3. How deep have invasive lionfish been found?

Lionfish have been visually confirmed at a depth of 1000 feet (305 meters) near Lyford Cay, Bahamas.

4. How long can a lionfish survive without eating?

When food is scarce, a lionfish’s metabolism can essentially crawl to a stop; Lad Akins, Director of Special Projects at REEF, said in one presentation not long ago that studies have shown that lionfish can live without food for up to 3 months and only lose 10% of their body mass.

It doesn’t look like we’re going to be able to starve them to death…

On the other hand, a different observation by James Morris, the National Oceanic and Atmospheric Administration’s pre-eminent scientist studying the invasion of lionfish into U.S. coastal waters, uncovered evidence that lionfish might be quite literally eating themselves to death. Obese lionfish are being found with internal organs completed encased in fat. In fact, these lionfish are so fat that they are suffering from liver damage!

Obese Lionfish Source: Slate

5. Are lionfish invasive in other parts of the world other than in the Western Atlantic Basin?

Yes. Lionfish, mostly Pterois miles, are being sighted in the Mediterranean Sea now. They appear to have either transited the Suez Canal from the Red Sea, where lionfish are considered a native species, or private aquarium releases are contributing to their establishment of a new non-native habitat.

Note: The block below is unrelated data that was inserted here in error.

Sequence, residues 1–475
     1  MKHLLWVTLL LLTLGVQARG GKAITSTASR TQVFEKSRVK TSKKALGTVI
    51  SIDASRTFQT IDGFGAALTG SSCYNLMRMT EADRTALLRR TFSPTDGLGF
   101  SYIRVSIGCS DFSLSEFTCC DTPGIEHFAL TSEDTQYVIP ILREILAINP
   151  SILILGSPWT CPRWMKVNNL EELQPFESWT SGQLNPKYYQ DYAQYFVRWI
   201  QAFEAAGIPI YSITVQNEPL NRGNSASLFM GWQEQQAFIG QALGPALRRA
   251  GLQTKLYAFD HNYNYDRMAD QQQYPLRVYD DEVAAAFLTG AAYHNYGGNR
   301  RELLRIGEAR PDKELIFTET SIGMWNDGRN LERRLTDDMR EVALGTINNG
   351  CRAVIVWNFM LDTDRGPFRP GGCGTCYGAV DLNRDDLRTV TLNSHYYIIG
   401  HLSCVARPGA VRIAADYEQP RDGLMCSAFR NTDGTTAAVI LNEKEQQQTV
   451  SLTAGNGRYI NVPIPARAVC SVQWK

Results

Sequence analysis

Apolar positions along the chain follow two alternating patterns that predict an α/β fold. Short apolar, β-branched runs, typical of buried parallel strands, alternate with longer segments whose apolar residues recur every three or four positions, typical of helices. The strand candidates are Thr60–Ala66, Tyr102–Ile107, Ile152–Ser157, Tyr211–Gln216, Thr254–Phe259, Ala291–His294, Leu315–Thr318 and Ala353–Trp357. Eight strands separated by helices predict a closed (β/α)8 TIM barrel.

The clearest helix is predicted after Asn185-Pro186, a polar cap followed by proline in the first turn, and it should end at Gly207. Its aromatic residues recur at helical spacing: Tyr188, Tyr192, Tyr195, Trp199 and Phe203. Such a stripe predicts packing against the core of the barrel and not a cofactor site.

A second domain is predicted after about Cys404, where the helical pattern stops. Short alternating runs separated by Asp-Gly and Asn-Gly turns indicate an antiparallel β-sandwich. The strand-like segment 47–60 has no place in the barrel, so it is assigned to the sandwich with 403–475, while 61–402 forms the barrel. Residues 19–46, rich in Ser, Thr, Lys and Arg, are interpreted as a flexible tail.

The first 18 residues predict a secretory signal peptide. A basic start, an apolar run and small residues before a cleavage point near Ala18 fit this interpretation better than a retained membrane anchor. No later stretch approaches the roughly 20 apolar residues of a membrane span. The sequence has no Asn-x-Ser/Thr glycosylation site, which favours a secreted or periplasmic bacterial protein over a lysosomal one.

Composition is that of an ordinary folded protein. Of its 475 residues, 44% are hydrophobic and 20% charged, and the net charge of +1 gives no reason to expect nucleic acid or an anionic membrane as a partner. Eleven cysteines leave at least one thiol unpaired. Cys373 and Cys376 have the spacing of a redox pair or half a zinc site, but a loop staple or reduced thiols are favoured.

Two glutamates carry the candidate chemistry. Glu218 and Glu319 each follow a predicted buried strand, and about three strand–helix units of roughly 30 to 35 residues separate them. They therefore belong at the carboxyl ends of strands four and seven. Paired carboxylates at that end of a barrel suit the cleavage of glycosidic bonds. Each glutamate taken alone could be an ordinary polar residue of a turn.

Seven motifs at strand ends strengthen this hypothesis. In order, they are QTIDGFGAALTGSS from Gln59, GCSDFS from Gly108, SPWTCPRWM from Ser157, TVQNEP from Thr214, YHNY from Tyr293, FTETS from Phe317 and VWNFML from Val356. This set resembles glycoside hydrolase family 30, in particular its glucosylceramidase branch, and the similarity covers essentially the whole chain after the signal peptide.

Source: Green Prophet

6. Can the invasive lionfish live in fresh water?

No, not exactly. However, in Florida, they are increasingly being found in brackish, esturine environments over 4 miles inland away from the ocean where water salinity is approximately only 6 parts per thousand compared to an ocean average of 33 parts per thousand.

That’s not quite fresh water but it is scary close!

Source: Zac Jud research

7. Is eating lionfish healthy?

Lionfish Ceviche from La Perlita in Cozumel, MexicoYes, in fact eating lionfish is healthier than eating snapper or grouper because lionfish have higher concentration of heart healthy omega-3 fatty acids, scoring above snapper and grouper as well as tilapia, Bluefin tuna, mahi mahi, wahoo and other table-fish commonly served in restaurants. Lionfish are also very low in heavy metals like mercury and lead!

Nutrition Information Source: BIOFLUX

For more interesting facts about invasive lionfish, be sure to check out our Frequently Asked Questions About Lionfish page!